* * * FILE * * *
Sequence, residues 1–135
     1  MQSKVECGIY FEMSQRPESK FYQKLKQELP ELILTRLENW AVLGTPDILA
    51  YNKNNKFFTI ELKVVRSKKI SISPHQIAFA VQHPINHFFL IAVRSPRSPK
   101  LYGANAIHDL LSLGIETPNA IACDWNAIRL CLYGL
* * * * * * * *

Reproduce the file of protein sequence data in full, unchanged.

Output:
Sequence, residues 1–135
     1  MQSKVECGIY FEMSQRPESK FYQKLKQELP ELILTRLENW AVLGTPDILA
    51  YNKNNKFFTI ELKVVRSKKI SISPHQIAFA VQHPINHFFL IAVRSPRSPK
   101  LYGANAIHDL LSLGIETPNA IACDWNAIRL CLYGL